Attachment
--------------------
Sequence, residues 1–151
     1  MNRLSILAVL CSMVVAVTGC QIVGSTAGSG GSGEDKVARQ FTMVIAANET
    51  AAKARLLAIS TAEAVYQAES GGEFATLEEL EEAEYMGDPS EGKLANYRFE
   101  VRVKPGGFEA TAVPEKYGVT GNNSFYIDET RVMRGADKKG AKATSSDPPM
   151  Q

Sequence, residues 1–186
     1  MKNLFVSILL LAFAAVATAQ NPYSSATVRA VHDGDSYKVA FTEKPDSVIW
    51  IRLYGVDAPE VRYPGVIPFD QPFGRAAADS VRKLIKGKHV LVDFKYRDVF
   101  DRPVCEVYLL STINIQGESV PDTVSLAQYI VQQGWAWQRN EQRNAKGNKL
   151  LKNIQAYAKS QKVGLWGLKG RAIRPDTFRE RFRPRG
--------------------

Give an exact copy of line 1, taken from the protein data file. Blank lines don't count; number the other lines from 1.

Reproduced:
Sequence, residues 1–151